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  1. Ishan

    Hinduism is no religion,it is only a conglomerate of various caste which are made to rule the nation by higher caste people.The books like ” Riddles in Hinduism” clarifies this fact. It is definite deprived sections of society will like to convert to other religion.As the nation is still under the control of high caste Hindu people,things mentioned above are bound to happen.

    Media is equally responsible for not bringing out such facts to the public.It is the responsibility of media first to bring out any change in this case.

    1. Incredible_India

      @ Mr. Ishaan

      Partially u r right. Hinduism is not a religion, but its a way of life. A principle and a thought which is most inclusive philosophy.

      It does have some divisions in castes and other origins. However what better are the other religions. At least Hinduism is not divided on god. Even today pandits and zamindars, or whatever caste they belong to go to the same temple. Not unlike christianity which has separate churches for catholics, protestants and jacobites. Or that people from one church group don’t pray at the other church. I belong to a state where this division is at the peak, and i can bet on it.

      And what exactly happens if one wants to know ” Harvesting of our Souls” by Arun shourie is an eye opener. Calling him a right wing thinker is something i would not agree upon. It beautifully illustrates what actually happens in a conversion process.
      A nation which can anoint Dr. Kalam, and Manmohan Singh as the president and PM ( both minorities) . or where all community has equal opportunity for every thing.
      Only someone so narrow minded can call this as being under control of high case hindu people. While the reverse reality is true to a good extent.. The rights and opportunities of the majority community have been reduced to a great extent, yet we continue to live in harmony. And still people like you can only be dissatisfied and find faults !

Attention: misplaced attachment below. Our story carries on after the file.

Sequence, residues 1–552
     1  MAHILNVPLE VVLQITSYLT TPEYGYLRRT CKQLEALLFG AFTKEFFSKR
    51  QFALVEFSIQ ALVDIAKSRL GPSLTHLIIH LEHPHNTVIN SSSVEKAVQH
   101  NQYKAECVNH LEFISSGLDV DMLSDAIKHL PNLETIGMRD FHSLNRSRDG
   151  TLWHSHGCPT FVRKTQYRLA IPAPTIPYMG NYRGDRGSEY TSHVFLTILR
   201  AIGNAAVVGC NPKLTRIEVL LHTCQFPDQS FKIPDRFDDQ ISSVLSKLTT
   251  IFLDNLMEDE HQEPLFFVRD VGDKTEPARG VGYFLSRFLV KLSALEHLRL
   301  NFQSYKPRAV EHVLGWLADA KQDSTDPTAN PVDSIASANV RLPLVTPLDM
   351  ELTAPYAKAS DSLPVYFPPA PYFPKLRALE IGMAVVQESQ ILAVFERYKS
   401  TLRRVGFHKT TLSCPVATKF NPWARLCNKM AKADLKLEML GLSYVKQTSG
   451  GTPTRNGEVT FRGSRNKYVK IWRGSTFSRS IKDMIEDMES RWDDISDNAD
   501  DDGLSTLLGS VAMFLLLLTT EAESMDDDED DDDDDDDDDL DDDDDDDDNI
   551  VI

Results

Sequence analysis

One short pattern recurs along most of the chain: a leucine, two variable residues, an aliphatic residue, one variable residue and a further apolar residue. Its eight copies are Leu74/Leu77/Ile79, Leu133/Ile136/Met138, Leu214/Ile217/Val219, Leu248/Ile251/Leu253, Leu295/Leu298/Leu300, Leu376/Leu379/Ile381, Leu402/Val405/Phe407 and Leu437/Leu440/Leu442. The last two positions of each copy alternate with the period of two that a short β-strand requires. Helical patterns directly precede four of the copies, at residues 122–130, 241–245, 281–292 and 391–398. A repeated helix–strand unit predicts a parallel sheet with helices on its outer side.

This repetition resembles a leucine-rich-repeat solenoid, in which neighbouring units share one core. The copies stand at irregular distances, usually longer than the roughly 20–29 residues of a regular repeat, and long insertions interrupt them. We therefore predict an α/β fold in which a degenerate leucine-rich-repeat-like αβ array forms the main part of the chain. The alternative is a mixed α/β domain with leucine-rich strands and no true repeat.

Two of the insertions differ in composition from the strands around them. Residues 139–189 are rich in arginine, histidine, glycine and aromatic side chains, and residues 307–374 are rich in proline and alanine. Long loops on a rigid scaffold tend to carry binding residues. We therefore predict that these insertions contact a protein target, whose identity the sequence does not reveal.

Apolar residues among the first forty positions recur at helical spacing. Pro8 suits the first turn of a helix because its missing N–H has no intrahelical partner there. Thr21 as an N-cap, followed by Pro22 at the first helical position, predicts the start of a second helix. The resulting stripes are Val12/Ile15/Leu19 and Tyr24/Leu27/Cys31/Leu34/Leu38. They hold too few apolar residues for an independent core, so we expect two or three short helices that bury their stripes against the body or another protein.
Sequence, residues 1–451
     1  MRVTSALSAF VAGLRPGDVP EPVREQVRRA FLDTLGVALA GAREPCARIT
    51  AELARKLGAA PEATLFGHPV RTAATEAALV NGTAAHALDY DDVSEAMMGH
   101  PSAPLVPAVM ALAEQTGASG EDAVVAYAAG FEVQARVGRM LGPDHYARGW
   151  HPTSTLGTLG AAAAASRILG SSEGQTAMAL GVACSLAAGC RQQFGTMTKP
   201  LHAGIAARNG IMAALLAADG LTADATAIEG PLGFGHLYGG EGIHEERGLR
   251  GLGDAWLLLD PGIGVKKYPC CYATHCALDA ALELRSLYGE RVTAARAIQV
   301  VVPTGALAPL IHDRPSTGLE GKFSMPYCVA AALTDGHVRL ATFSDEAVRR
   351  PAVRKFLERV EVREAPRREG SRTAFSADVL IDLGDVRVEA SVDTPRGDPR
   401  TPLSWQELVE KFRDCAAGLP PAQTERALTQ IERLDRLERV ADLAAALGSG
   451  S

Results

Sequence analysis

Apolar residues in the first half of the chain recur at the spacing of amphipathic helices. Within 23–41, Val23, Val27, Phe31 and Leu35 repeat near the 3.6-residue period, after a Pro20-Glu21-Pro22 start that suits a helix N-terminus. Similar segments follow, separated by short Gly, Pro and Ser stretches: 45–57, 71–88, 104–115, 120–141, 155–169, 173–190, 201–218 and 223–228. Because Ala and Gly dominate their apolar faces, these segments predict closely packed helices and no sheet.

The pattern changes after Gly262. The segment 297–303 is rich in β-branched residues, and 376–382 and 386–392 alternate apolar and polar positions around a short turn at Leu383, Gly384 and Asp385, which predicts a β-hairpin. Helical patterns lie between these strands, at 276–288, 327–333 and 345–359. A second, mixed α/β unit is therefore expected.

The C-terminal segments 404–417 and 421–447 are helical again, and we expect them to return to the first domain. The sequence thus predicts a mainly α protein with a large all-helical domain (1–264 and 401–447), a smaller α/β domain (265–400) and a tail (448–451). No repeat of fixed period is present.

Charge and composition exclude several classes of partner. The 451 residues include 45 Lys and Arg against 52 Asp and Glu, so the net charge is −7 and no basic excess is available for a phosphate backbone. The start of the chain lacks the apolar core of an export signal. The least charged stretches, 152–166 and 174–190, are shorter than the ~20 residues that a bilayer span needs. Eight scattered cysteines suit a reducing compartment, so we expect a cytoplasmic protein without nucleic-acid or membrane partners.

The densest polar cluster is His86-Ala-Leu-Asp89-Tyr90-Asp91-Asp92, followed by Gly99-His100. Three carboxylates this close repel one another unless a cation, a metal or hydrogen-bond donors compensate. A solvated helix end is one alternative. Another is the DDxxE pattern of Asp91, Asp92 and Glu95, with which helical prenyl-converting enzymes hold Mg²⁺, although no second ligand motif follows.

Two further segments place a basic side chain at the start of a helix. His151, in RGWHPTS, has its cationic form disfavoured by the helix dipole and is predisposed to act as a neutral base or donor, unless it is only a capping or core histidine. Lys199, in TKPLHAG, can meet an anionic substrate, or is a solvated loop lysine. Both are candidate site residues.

Grow up and get a life pal!!!

  2. Deepak Venkateswaran

    Absoloutely biased and one sided view. Amazed at the way people can judge a religion just because it is practiced by the majority population in a country. Brilliant!!

    Hinduism is not a religion first of all one should realize.. It is a way of life and a way of thinking which is one of the most inclusive philosophies in the whole world.

    If any communal incident occurs people look at only the side of the minorities. NO one looks at the cause of \how the tension started. All are just behind what one calls the minority sentiment. And i believe in the recent years the unfair exploitation of this right has gone up to a great extent.

    No one looks at how pandits at kashmir were thrown out of their home, or no one looks at how Hindus living in pakistan were forced to flee out while India with a hindu population dominantly adopted a secular outlook and an inclusive policy towards all. But no one raises their voice against this just because they are majority community and they have to fend for themselves isn’t it?? Amazed at your narrow mindedness towards religions!!!

    1. Thomson Chakramakkil

      Deepak,
      I feel that so much stereotyping and hate can be dealt with if we understand the distinction between a religion and a group of extremists who claim to follow it. This article has nothing to do with Hinduism. Rather, it is about Hindutva which has historically viewed propagation of a particular religion as anti-national and threatening to the “indigenous” Indian culture .